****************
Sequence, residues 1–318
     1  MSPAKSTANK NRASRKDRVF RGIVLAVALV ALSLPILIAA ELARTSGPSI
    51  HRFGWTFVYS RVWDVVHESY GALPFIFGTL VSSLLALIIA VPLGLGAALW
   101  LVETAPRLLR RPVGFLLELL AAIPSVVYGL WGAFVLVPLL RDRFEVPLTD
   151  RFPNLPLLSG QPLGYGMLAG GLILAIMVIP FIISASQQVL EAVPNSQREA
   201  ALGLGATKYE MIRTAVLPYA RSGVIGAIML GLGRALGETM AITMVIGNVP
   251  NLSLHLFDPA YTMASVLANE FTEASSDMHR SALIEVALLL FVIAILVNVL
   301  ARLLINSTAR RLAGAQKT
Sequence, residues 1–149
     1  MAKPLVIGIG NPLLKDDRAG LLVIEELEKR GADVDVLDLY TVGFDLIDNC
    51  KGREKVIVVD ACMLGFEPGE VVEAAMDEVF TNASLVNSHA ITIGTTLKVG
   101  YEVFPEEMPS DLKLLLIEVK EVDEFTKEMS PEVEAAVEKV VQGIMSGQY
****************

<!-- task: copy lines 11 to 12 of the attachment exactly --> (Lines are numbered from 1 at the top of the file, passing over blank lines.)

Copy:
    51  KGREKVIVVD ACMLGFEPGE VVEAAMDEVF TNASLVNSHA ITIGTTLKVG
   101  YEVFPEEMPS DLKLLLIEVK EVDEFTKEMS PEVEAAVEKV VQGIMSGQY